September 02, 2008
No Returns or Exchanges
As I write this on a Tuesday afternoon, I am awaiting return phone calls from three people. One is a noteseller who contacted me late last week to get a bid. He told me his price expectation, and my number is right there. I actually got him on the phone last Thursday, albeit briefly, when he told me he needed to finish up another call and would call me right back. He didn’t. Five hours later, I called him again and left a message on his voice-mail. I called again Friday, and again this morning, each time leaving a more detailed message on why I wanted to speak with him. At what point do I become a pest? Considering the current state of our communication (or lack thereof), should I even care?
What does someone stand to gain by not returning phone calls? OK, more time to attend to “more important” things. But what’s more important than transacting potential new business? Obviously I don’t ask my customers why they won’t call me back, but I did pose the question to a few of my colleagues who have gotten a (ahem) reputation for having ‘nocallbackitis’. Here are some common responses I’ve gotten when asking why they aren’t more consistent in returning their calls.
“I’m too busy to return my phone calls.” No worries…eventually everyone will stop calling and you’ll have PLENTY of spare time once you’ve lost all your customers.
“If it’s really important, they’ll call back.” Not necessarily…I never assume my potential customers won't simply call up one of my competitors if I don't call them back. Just like that, I'd be forgotten as quickly as they found me.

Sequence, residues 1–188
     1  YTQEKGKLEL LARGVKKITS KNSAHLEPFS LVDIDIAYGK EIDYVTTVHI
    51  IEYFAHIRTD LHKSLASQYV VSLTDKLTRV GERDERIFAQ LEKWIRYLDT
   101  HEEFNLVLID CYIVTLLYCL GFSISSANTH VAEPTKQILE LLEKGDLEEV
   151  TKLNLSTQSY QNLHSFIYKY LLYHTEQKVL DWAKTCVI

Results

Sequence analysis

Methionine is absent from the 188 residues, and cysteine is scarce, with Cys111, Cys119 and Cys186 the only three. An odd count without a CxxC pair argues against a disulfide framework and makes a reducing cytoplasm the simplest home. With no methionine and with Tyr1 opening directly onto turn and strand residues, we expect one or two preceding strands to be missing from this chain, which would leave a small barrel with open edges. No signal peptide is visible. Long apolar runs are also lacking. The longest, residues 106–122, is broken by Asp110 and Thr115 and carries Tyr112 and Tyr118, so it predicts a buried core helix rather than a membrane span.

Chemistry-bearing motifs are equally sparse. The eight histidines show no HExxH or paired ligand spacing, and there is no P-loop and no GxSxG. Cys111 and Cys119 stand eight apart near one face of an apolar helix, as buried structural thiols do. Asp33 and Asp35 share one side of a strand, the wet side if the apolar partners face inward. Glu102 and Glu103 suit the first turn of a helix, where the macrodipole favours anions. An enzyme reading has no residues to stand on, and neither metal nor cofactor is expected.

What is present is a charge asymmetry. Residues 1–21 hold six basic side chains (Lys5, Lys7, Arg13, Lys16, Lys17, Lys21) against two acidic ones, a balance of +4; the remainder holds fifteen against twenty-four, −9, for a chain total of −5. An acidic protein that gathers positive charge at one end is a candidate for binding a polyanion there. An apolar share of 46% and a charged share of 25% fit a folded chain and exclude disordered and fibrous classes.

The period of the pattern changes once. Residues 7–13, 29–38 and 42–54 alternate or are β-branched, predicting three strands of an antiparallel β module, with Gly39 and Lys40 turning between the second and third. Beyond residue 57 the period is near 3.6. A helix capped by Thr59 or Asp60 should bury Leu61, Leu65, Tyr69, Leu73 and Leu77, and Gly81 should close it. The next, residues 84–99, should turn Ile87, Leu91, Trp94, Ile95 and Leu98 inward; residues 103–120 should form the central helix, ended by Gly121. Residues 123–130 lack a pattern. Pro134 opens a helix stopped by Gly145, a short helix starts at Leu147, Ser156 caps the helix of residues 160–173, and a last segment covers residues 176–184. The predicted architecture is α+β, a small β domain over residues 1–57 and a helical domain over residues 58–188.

“I would never ignore a really important call.” Who makes that determination? What if the caller, somebody you’ve never heard of, was actually referred to you by an existing customer/client? Referrals are gold, and you’re going to treat them like scrap metal? Not only do you slam the door on potential new business, but you’ve likely jeopardized your relationship with the referring party.
Early in my career, I had a meeting with one of the company’s attorneys in his office. He had just returned from a week’s vacation, and his inbox was about two feet high with documents, files, and assorted papers. The pile was directly between us, restricting our view of each other, and his trash can sat directly below the pile. In one sweeping motion with his left arm, he pushed everything in that inbox into the trash can below. He noticed my shocked gaze and said, “If there’s a fire, it’ll find me.”
I will never forget that. In his position, he could apparently do something like that and get away with it. As a business owner, I prefer to keep the fires out of my office and where they belong...in the fireplace.
Make it a great day...and if you call me and have to leave a message, I promise I'll call you back!
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